The Great Famine-Genocide in Soviet Ukraine (Holodomor)


By Albert Scardino, The Guardian, London, UK, 11/25/2003

The late Walter Duranty can keep his Pulitzer prize after all, even though just about everyone who ever came across his work is baffled how he won it in the first place. Duranty covered the Soviet Union for the New York Times for 12 years during Stalin's manufactured famine in Ukraine that killed perhaps 10 million people, but he never saw anyone starving. Malcolm Muggeridge, the Guardian's Stalin-era reporter in Moscow, called him "the greatest liar I have ever met in 50 years of journalism".

The Pulitzer board reviewed the Duranty case twice after being bombarded with complaints in a letter-writing campaign by Ukrainians marking the 70th anniversary of the peak of the famine. So did his employer, who hired Columbia University historian Mark van Hagen to recommend what to do. According to an unflattering 1990 biography, Stalin's Apologist, Duranty had an opium habit and a robust bisexual life in Paris before he became a Moscow correspondent. He may, the book suggests, have been blackmailed by the Kremlin to write flattering pieces about Stalin. Professor van Hagen recommended that the board take the prize away, because "his work was a disgrace".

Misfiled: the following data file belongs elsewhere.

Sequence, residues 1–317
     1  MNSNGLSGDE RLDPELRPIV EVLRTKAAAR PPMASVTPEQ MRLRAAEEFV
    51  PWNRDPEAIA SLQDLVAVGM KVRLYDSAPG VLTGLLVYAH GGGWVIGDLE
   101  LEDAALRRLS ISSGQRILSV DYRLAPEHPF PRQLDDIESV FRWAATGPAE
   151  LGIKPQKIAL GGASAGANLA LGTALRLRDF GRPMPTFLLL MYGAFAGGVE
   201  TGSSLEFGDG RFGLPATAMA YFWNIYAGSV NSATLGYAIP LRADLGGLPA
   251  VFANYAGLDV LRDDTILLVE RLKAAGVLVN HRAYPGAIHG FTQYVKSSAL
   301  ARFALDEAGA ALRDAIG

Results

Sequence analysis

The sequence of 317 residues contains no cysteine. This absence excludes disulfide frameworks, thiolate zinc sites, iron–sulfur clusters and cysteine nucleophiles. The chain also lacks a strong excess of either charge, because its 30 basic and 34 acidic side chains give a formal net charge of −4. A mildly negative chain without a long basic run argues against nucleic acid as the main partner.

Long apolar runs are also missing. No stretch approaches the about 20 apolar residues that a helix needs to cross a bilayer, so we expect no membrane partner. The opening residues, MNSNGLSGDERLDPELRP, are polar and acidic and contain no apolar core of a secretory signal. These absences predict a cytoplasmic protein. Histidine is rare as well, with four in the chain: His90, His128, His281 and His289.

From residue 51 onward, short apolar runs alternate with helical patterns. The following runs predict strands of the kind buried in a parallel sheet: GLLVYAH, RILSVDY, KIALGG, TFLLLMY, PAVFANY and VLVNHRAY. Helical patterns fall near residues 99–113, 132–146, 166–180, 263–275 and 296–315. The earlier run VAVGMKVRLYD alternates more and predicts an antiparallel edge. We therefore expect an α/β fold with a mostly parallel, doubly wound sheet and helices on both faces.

The paper acknowledges the flaws in the 70-year-old material, but says that to airbrush him from history would be Stalinist in itself. Besides, Duranty's Pulitzer submission included articles about the Soviet economy, not the Ukrainian famine. The Pulitzer board said the prize would stand.

So how did he win? Though journalists may submit their own work for consideration in the Pulitzers, they have historically been sponsored by their newspaper. Editors from the 1,500 dailies and 8,000 weeklies in the US - there were more in Duranty's day - spend weeks sifting through the work of their staff each year to decide which to submit in which category. Juries of editors review the entries and recommend three finalists in each category to the board, including their choice. The board may accept the jury's recommendation or ignore it.

So, if Duranty's work was recommended by his own paper, selected by a jury of his peers and chosen by the board, itself a group of the most senior editorial executives in the US, who was it who missed the story?